2% of the increased tariff will be immediately allocated to the Capital Replacement Reserve (CRR) for water. National Treasury has decreed that all CRRs must be cash-backed and the anticipated costs associated with the water service, most specifically the need to expand the treatment works in Knysna, means that monies must be set aside now to mitigate future costs.
The sewerage tariffs will increase by the same 6% as the basic water tariffs and the same principle of 2% of the increased revenue will be immediately channelled to the capital replacement reserve.
Sewerage is a major concern for the municipality going forward and this is before major new expenditures will be required on a new treatment works. The recent leakages into the estuary have necessitated emergency remedial repairs which will be incorporated into a minor upgrade to enable the works to extend its current lifespan until 2019. Beyond that a major upgrade will be required. The cost of this interim phase is some R47 million of which we funded approximately R10 million on our own. We are legally obligated to maintain this operation at a level that prevents pollution of one of the world’s great estuaries and we will not shirk our responsibilities in this regard. However, the technical infrastructure systems such as the one required are financially beyond what this local authority can in reality afford. This is a classic dilemma where in Knysna we are spending R47 million on a sophisticated sewerage system when the majority of the population only have very basic living conditions in the first instance.
The refuse tariff will be increased by 3% for both domestic and business consumers.
A new innovation will be introduced later in the financial year in regard to business refuse. The refuse department will begin piloting a system whereby pictures will be taken of the amount of refuse picked up at businesses. The picture will be automatically attached to an account and immediately handed to the respective business owner as notice of an account to be rendered, hopefully reducing the amounts of disputes with regards to the quantity of refuse collected at businesses. The actual account will be billed as per normal.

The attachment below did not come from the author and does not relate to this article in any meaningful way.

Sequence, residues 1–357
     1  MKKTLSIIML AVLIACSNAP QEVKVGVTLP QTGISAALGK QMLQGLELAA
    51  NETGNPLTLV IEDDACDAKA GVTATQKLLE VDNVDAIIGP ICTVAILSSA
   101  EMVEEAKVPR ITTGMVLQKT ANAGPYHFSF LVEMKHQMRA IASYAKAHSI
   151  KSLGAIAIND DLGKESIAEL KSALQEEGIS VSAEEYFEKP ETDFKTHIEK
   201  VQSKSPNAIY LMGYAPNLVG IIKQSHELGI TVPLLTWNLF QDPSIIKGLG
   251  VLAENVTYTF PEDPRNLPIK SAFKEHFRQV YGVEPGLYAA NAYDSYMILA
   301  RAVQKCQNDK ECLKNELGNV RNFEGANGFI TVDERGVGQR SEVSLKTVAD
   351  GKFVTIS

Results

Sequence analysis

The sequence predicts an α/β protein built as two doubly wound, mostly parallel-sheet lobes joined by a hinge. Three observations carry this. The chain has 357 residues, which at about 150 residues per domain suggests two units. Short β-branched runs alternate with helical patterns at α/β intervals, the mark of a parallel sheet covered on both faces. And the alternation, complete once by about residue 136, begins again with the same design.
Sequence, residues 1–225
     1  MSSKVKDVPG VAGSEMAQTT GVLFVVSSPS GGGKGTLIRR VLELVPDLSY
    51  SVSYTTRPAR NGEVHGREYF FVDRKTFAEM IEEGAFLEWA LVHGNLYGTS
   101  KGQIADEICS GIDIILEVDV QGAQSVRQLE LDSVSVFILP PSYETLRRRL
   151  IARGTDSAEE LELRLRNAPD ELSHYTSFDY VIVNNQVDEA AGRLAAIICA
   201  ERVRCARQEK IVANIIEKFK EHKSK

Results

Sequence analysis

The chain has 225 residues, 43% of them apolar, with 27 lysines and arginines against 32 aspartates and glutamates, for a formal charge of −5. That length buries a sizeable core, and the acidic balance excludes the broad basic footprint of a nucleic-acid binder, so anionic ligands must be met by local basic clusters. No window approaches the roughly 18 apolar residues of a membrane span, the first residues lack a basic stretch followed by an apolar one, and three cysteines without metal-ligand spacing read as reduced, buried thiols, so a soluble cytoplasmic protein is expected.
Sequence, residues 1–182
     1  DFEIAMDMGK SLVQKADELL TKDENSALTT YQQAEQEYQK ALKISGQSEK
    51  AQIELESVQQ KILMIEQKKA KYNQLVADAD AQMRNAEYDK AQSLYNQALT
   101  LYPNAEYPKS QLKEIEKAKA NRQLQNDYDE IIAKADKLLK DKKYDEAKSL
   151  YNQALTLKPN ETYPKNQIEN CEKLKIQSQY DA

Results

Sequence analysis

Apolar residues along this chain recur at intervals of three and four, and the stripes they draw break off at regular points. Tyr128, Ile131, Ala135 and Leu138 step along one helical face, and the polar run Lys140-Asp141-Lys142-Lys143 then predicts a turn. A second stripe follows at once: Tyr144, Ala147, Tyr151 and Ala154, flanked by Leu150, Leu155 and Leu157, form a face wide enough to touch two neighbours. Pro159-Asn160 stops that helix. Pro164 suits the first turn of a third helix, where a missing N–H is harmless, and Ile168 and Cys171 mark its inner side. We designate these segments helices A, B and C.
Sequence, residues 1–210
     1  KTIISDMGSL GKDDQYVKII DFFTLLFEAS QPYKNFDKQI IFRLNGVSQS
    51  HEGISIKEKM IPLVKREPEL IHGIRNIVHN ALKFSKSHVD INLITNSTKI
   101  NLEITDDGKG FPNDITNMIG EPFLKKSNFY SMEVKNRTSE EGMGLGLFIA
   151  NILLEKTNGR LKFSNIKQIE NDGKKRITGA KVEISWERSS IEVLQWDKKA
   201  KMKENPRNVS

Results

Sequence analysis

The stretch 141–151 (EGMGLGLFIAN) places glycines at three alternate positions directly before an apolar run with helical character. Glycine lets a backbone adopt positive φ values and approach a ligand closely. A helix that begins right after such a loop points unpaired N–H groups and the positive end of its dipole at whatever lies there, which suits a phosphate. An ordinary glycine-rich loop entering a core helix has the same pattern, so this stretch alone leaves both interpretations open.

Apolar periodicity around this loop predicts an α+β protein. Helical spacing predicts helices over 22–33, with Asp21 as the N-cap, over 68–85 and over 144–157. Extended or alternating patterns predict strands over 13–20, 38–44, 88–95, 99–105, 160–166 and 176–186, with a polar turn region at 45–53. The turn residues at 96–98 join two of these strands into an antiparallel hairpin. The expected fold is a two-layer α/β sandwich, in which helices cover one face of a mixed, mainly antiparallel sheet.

Under normal circumstances this is not an area that is usually highlighted in a budget speech however I am firmly of the opinion that it is an area that needs more control and better management, a viewpoint supported in the various Budget Circulars from National Treasury. During the course of the last year Council introduced a new Grants-In-Aid policy which first requires a committee of senior Directors including the Director: Corporate Services and the Chief Financial Officer, and chaired by the Municipal Manager, to vet all applications according to approved criteria. This has immediately begun to cut out random applications or awards which have limited merit and potentially limited impact and going forward further criteria will be developed to ensure the process becomes relevant to the whole community.
The main Grant-In-Aid allocation given by this Council is to Knysna Tourism which is budgeted to receive only R4 million in 2012/13 as opposed to the amount of R4,7 million for the current year. There seems to have been a lot of local speculation and comment regarding Knysna Tourism and its relationship with Council, and I want to reiterate our support for the tourism industry.